LONG BEACH — For six years, real estate agent Richard Daskam has been paying a $200 annual business license fee.
At the same time, Keller Williams, his employer, must pay a license fee as well.
Daskam says the city’s double dipping on an already struggling profession and industry.
“The first problem is the majority of Realtors in Long Beach don’t even have business licenses, so they aren’t paying the fee,” he said. “And secondly, our brokerage already pays significant fees to the city, so we are getting hit especially hard.”
To address this, the Long Beach City Council on Tuesday requested that city management find out the cost to eliminate the per-agent business license fee and return with a recommendation within 30 days on enacting the change.
If passed, the measure would be similar to the city policy that was abandoned in 2002, which charged brokers a per-agent fee, similar to the per-employee fee that other businesses pay.
Currently, real estate agents are required to have a business license if they are doing any business within Long Beach city limits. The licenses, which cost the agents $200, must be renewed each year.
The new measure would come with a fee of $25 per employee that would be paid by the real estate broker employing the agent, in addition to regular business license fees.
Second District Councilwoman Suja Lowenthal, one of the sponsors of the measure, said it would likely impact the city financially, but
that the effect would be minimal because the fees would be easier to collect and compliance would most likely be “significantly better.”
“We, as a city, are financially strapped, but that doesn’t mean there isn’t an opportunity to offset a duplicate fee, and a fee that has increased through time,” she said. “I expect the city will take a hit, but it is still the best way to do business.”
Losing revenue is likely the last thing City Hall’s bean counters want, with Long Beach facing a projected three-year, $33.8 million deficit.
Lowenthal said the new fee system would replace much of the revenue lost by waiving the license fees with charges levied on the brokers — which, council members acknowledged, likely will be passed back to the agents.
She added that Long Beach is in the minority of cities that charge real estate agents directly.
“We are unlike a lot of other cities because we charge the individual Realtor,” Lowenthal said. “And on top of the individual Realtor being charged, the brokerage is also being charged. So it really seems like there is a double charge taking place. The better, more fair way to go about this is by charging the broker.”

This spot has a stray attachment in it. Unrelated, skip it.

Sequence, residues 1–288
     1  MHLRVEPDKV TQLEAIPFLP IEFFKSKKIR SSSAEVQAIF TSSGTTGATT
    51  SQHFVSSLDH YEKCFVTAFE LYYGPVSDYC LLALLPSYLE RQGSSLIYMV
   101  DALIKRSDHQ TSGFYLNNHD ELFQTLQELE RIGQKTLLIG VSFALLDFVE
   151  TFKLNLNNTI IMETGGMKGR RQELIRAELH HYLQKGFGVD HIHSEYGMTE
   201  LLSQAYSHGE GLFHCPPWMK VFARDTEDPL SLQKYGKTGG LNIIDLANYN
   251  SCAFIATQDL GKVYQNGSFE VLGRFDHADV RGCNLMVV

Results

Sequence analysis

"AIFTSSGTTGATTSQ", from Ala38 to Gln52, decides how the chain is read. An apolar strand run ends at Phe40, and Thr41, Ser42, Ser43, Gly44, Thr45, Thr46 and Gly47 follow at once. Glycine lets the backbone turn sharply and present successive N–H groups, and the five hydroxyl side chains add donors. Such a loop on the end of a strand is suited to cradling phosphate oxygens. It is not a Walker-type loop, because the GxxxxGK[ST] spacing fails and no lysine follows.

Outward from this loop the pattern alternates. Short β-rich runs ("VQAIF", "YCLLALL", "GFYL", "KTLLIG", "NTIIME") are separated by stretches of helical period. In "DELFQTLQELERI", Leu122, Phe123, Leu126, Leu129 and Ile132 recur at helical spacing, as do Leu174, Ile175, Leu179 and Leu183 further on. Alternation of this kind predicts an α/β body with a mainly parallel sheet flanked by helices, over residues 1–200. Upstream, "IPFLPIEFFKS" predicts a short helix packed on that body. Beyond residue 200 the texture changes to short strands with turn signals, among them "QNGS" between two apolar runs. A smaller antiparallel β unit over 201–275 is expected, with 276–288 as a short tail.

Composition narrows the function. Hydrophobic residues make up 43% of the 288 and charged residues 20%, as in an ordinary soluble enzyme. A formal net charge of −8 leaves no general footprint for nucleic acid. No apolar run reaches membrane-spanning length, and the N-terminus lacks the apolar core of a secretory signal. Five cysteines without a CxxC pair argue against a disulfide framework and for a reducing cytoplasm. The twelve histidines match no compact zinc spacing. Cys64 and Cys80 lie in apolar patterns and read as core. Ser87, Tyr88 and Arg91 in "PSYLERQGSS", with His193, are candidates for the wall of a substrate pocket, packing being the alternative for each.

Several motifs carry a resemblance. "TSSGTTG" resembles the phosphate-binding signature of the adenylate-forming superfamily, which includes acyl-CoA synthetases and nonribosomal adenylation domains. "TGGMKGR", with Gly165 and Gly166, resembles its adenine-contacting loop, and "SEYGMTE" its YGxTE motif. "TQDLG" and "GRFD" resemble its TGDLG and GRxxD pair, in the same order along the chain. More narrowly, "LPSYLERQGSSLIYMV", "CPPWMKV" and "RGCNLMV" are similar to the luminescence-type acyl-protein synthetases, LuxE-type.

However, 8th District Councilwoman Rae Gabelich questioned the idea of eliminating the license fee paid by real estate agents.
“I’ve only heard one side, and that’s from the Realtors,” Gabelich said during the council meeting. “Several years ago what came before us was a concern by the manicurists in town, the owners of hair salons. Those folks that make very little money, especially comparatively speaking, had to pay a $165 business license fee each and every year — yet we kept that on the books. I think there has to be equality across the board.”
During Tuesday’s meeting, 5th District Councilwoman Gerrie Schipske had proposed, but withdrew, an alternative that would have included a break for most independent contractors, including real estate agents.
Lowenthal agreed that other fee adjustments should be considered.
She said that if the council moves forward with this measure, it will need to look further into creating an “equal and fair system.”
“There is a whole host of individual license holders that, in time, we will need to look at,” she said. “We are starting to peel the layer of the onion back, so my hope is not to create inconsistent policies, but if there is a commonality amongst service providers, and a way we can set up a policy, that is something we will have an opportunity to look at, and something we should look at.”
Jamie Saltman, president of the Women’s Council of Realtors in California, said few agents would be against such a move.
“Requiring Realtors to pay such a large fee seems fairly unreasonable,” she said. “I would guess that most agents would really love to not have to pay a fee to the city, and just to the brokerage. And really, this couldn’t have come at a better time. Realtors are struggling and have been for a couple years.”
Want to go?
What: Long Beach City Council meeting
When: 5 p.m. Tuesday
Where: Council chamber, City Hall, 333 W. Ocean Blvd.
Watch it: The meeting can be viewed live on Charter Communications Channel 3, Verizon FiOS Channel 21 and online at www.longbeach.gov.